Anderson, M.T. The Astonishing Life of Octavian Nothing, Traitor to the Nation, Vol. 1: The Pox Party. Candlewick Press, 2006. ISBN 0763624020. $17.99. 351 p.
Reviewer: Cassandra Fugal
Reading Level: Young adult
Genre: Historical fiction;
Subject: Slavery--Juvenile fiction; Freedom--Juvenile fiction; United States--History--Revolution, 1775-1783--Juvenile fiction; Books--Reviews;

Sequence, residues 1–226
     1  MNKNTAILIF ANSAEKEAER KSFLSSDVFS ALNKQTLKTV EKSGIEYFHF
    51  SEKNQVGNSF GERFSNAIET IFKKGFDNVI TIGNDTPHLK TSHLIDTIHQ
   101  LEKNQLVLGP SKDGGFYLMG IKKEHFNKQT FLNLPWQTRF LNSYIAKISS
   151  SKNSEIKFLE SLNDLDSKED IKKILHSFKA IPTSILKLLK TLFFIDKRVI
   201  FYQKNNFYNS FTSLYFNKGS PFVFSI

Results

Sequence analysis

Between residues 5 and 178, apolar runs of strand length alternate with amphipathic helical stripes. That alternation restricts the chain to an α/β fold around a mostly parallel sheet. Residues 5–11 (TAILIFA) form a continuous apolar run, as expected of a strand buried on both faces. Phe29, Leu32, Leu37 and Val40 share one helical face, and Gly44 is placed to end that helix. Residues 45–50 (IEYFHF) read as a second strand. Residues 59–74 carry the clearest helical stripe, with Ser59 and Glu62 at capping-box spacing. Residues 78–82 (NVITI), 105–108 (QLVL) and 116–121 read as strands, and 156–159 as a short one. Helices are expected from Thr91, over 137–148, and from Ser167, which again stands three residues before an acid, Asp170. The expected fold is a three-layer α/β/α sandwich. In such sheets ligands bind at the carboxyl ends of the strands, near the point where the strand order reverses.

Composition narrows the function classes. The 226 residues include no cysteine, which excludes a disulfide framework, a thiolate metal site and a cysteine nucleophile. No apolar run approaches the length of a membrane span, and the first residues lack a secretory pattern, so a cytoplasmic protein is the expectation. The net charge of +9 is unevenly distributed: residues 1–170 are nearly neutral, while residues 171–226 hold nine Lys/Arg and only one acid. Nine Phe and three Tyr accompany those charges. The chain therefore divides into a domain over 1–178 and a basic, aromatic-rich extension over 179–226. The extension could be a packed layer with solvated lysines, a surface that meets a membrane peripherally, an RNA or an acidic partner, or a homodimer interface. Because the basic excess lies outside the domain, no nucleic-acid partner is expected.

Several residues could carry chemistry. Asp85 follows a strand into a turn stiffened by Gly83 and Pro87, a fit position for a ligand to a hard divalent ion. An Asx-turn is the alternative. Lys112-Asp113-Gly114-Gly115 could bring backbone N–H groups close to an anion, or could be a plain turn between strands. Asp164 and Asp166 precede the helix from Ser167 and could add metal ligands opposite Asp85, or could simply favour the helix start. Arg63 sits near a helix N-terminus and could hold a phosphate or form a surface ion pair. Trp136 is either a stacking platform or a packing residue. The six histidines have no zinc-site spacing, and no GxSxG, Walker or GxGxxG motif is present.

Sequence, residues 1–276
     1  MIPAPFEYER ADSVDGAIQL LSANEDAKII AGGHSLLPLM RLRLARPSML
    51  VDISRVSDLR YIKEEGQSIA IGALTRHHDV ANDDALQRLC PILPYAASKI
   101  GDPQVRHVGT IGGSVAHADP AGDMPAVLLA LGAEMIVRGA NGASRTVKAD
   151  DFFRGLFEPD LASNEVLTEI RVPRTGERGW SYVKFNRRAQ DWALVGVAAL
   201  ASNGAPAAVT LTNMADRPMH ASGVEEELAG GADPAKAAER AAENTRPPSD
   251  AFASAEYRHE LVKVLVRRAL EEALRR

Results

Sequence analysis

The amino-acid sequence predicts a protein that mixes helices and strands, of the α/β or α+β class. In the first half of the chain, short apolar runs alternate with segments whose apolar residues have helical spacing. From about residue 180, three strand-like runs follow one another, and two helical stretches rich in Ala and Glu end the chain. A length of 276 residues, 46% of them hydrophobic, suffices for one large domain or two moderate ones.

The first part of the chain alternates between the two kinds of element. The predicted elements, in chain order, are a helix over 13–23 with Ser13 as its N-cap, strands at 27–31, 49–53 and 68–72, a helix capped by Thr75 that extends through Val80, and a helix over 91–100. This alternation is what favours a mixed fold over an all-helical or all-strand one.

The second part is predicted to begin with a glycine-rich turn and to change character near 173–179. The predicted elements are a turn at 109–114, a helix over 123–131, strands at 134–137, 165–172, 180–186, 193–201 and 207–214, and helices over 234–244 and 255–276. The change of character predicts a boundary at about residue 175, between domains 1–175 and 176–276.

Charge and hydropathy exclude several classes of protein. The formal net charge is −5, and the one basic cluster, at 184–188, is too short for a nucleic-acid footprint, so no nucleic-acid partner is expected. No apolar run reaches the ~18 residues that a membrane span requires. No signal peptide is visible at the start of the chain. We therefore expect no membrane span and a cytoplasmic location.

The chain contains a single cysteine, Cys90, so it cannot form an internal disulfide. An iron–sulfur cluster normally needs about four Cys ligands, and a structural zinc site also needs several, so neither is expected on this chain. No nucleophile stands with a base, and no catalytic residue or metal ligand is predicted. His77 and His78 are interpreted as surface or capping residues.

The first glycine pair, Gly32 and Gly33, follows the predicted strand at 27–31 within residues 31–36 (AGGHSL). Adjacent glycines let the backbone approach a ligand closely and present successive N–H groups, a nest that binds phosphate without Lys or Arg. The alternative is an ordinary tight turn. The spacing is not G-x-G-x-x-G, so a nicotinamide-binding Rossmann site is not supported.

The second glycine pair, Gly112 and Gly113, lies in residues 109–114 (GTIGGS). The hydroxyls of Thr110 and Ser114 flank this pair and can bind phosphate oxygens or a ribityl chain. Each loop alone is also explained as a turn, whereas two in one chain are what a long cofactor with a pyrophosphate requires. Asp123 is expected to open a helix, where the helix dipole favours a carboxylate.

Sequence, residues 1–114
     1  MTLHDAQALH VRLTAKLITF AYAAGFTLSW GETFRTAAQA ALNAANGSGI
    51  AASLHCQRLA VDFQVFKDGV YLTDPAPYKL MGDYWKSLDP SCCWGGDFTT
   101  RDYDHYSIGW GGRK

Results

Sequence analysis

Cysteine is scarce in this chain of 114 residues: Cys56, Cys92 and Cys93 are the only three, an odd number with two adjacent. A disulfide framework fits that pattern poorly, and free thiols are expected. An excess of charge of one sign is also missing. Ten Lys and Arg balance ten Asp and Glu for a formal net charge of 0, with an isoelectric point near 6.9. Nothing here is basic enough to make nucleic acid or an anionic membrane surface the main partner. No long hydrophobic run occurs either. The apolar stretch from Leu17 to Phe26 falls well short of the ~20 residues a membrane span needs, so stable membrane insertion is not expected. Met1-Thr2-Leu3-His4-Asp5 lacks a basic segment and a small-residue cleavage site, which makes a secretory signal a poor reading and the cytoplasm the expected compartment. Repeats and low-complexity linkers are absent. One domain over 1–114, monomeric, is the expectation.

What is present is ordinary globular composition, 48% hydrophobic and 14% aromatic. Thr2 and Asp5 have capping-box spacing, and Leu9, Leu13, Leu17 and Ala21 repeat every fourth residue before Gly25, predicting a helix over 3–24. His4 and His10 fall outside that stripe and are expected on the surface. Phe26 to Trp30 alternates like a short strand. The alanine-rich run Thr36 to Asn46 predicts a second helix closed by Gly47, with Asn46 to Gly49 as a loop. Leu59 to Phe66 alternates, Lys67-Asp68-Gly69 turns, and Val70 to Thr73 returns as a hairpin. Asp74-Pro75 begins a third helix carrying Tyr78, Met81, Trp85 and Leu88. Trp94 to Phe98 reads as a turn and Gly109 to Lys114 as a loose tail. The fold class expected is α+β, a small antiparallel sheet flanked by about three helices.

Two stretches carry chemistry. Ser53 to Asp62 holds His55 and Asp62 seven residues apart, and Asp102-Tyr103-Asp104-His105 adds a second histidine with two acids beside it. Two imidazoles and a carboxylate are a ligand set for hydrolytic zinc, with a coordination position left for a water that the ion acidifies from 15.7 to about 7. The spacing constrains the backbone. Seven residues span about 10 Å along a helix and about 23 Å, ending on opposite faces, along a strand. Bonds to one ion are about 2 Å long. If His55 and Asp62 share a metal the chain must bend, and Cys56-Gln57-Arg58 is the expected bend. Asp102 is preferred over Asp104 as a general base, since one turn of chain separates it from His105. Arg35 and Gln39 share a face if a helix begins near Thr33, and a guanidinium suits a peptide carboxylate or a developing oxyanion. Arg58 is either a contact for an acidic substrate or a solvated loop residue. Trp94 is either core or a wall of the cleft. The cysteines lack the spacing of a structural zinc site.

Octavian seems to live a life of privilege. He and his mother (an African Princess) live secluded from the world in a Boston mansion in the years leading up the American Revolution. They wear the finest clothes, entertain scholars who live in the mansion, and receive the finest classical education of the day. As Octavian grows he comes to realize that the life of privilege is a hoax; he and his mother are slaves being used to as the subjects of scientific experiments in Novanglian College of Lucidity to test the mental capabilities of Africans (headquartered at the mansion). When the benefactor who funsd the college dies, the scientists who conduct experiments at the college must change the nature of their experiments to gain funding from wealthy southern land and slave holders. One of the experiments ends with the death of Octavian's mother, and he flees, becoming a fiddler for soldiers in the fight against the British. Like many of the books Anderson has written, this story plays with language to create a spell binding story. The majority of the story is told through Octavian. While the language Octavian employs is archaic to today's reader, it helps to emphasise the scholarly environment in which Octavian grew up and to distance the reader from the horrific events that occur in his life. Octavian's life is astonishing and Anderson has done an astonishing job telling it.
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